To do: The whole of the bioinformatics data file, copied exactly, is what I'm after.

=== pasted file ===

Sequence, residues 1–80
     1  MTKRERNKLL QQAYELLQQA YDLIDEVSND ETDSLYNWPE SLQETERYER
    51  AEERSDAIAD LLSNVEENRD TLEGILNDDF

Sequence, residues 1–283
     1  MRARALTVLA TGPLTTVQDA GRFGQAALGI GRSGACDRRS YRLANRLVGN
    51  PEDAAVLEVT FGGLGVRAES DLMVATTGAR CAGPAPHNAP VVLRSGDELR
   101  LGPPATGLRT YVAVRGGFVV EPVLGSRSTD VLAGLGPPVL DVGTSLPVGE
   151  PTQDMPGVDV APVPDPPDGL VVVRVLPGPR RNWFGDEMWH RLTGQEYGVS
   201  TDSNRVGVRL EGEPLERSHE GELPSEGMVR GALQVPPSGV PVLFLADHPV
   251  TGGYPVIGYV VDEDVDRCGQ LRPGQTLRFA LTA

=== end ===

Sequence, residues 1–80
     1  MTKRERNKLL QQAYELLQQA YDLIDEVSND ETDSLYNWPE SLQETERYER
    51  AEERSDAIAD LLSNVEENRD TLEGILNDDF

Sequence, residues 1–283
     1  MRARALTVLA TGPLTTVQDA GRFGQAALGI GRSGACDRRS YRLANRLVGN
    51  PEDAAVLEVT FGGLGVRAES DLMVATTGAR CAGPAPHNAP VVLRSGDELR
   101  LGPPATGLRT YVAVRGGFVV EPVLGSRSTD VLAGLGPPVL DVGTSLPVGE
   151  PTQDMPGVDV APVPDPPDGL VVVRVLPGPR RNWFGDEMWH RLTGQEYGVS
   201  TDSNRVGVRL EGEPLERSHE GELPSEGMVR GALQVPPSGV PVLFLADHPV
   251  TGGYPVIGYV VDEDVDRCGQ LRPGQTLRFA LTA